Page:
Rio Tinto says steel industry will need ‘every technology in the book’ to decarbonise

Article by Aniqah Majid

BioIron uses raw biomass and microwave energy to convert Pilbara iron ore into metallic iron

MINING company Rio Tinto says the steel industry will need “every technology in the book” to decarbonise, after announcing its plan to develop a R&D facility for its low-carbon ironmaking process in Western Australia.

The BioIron Research and Development Facility will be built in the Rockingham Strategic Industrial Area south of Perth, near the Pilbara region, one of the largest iron ore provinces in the world.

Instead of coal-based blast furnace processing, Rio Tinto’s BioIron process uses raw biomass and microwave energy to convert Pilbara iron ore to metallic iron.

Michael Buckley, Rio Tinto’s steel decarbonisation and BioIron technical manager, said: “We need to come up with new technologies that don't rely on coal if we're going to transition.”

He added: “Considering the challenge of decarbonising the steel industry, which produces 8% of global emissions, we're going to need every technology in the book to decarbonise this sector. We're going to need hydrogen. We're going to need biomass. We may even need electrolysis-based processes.”

The sustainability of biomass

In 2021, Rio Tinto partnered with the University of Nottingham in the UK and Finnish sustainable technologies company Metso to run a pilot-scale facility testing BioIron.

Engineering consulting firm Hatch independently reviewed the results and noted that BioIron had “the capacity to reduce greenhouse gas emissions”.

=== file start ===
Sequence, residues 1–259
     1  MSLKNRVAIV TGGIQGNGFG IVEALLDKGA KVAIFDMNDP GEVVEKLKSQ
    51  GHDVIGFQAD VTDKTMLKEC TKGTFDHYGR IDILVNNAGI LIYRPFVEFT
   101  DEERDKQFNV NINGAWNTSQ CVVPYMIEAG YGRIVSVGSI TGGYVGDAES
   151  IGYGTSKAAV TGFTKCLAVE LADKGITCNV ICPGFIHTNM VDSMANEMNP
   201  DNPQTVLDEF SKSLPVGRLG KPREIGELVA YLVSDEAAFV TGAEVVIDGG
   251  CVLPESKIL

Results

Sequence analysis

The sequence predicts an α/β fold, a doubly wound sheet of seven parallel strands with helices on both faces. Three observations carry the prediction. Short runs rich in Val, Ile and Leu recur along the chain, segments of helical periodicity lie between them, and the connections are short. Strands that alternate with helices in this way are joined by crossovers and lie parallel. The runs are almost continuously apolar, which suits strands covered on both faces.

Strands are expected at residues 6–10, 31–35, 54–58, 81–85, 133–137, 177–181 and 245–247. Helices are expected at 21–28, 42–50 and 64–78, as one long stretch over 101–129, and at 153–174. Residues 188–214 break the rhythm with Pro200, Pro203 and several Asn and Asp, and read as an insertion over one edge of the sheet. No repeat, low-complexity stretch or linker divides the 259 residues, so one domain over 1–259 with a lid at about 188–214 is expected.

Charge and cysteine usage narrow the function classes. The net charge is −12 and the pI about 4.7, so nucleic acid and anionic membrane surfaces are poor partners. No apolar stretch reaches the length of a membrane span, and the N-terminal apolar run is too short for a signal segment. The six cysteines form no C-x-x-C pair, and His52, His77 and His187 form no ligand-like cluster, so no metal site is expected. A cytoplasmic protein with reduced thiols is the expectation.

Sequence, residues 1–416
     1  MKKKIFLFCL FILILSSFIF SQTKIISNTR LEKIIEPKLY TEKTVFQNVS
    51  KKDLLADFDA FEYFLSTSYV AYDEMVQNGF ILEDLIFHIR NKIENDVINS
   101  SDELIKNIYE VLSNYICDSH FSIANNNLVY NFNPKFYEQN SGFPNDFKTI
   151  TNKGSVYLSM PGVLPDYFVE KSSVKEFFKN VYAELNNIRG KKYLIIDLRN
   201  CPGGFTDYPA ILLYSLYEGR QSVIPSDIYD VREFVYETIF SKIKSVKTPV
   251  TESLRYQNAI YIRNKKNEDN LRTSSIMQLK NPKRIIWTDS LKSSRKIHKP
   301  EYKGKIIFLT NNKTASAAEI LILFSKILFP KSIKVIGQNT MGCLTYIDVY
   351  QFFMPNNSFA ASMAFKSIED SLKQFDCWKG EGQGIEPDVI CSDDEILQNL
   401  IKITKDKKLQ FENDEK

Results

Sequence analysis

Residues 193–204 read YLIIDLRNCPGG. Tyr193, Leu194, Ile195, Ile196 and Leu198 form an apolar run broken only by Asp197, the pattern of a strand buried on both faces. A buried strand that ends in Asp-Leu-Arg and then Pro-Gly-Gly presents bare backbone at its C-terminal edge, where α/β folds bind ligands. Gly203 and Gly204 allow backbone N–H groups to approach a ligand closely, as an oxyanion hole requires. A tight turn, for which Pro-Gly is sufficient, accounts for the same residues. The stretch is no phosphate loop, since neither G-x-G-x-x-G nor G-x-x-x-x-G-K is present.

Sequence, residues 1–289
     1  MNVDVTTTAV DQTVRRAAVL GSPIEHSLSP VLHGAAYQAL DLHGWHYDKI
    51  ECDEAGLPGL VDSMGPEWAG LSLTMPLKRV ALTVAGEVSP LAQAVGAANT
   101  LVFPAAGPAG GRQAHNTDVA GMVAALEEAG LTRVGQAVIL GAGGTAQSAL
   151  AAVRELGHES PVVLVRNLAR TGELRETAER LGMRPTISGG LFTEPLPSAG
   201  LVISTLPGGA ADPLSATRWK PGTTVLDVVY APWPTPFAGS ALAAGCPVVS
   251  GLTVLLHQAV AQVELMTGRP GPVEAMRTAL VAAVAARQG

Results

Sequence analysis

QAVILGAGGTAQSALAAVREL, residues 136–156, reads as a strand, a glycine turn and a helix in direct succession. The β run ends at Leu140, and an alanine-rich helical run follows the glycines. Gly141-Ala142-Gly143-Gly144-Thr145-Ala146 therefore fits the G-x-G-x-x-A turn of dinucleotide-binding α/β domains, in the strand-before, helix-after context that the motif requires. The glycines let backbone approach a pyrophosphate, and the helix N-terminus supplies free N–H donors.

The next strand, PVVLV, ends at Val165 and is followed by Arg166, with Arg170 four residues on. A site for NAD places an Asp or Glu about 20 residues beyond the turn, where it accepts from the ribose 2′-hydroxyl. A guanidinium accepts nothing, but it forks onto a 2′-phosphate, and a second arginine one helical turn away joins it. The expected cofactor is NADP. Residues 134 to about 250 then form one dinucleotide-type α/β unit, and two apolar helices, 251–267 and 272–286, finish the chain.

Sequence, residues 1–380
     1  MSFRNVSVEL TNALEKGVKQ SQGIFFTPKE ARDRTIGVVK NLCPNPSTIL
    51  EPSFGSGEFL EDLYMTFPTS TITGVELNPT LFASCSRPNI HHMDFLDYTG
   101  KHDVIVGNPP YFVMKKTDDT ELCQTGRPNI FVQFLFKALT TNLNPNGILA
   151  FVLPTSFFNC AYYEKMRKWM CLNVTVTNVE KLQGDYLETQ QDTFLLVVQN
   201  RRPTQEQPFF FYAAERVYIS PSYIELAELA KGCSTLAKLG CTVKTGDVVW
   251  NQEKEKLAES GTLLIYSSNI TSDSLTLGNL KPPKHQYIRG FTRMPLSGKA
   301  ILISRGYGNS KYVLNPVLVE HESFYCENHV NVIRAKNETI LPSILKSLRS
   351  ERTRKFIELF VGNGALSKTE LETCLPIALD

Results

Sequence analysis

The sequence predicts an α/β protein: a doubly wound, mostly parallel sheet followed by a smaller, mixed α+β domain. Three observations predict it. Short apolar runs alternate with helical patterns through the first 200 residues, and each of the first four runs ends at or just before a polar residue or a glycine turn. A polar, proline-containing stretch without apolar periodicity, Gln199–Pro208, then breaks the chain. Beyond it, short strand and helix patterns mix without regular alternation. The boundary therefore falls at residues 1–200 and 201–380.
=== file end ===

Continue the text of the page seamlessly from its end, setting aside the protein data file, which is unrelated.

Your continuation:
The facility in Western Australia will be ten times larger than its predecessor and operate with a 1 MW magnetron, necessitating vastly more biomass to run the process.

Rio Tinto has been working with civil society organisations in Australia to sustainably source biomass from agricultural land in Western Australia, namely from wheat, barley, and soil grown in the region.

Buckley said: “We want to be able to test a wide range of biomass types, so there'll be facilities to test other types of biomass there, but as a fundamental base load, we'll be looking to source it from the agricultural byproducts locally.”

He added: “Based on our numbers, we think we would use only about a third of the electricity of a green hydrogen-based process. A lot of the energy is coming from the biomass, so we don't need a large amount of electricity.”

A step closer to commercial scale

The company is investing US$143m into the new facility, which it plans to run for two years, with commissioning beginning at the end of 2026.

Buckley said the plant will only run for around 2,000 hours a year, with the efficiency of the BioIron process being checked every three to four days.

Rio Tinto expect to employ around 60 workers with skills in decarbonisation technology for the facility, including 30 permanent positions.

Buckley said: “The coal-based blast furnace has been dominant for so many decades or even centuries now. It's very efficient and well known. It can use a wide range of iron ore types and replacing that is going to be quite difficult.

“We are looking at a wide range of technologies that are a lot more selective about the types of iron they take. We still have a very strong hydrogen-based technology programme for our Pilbara ores, but we've also got BioIron, which is where hydrogen doesn't make sense in terms of costs or availability of green electricity.”

Article by Aniqah Majid

Staff reporter, The Chemical Engineer

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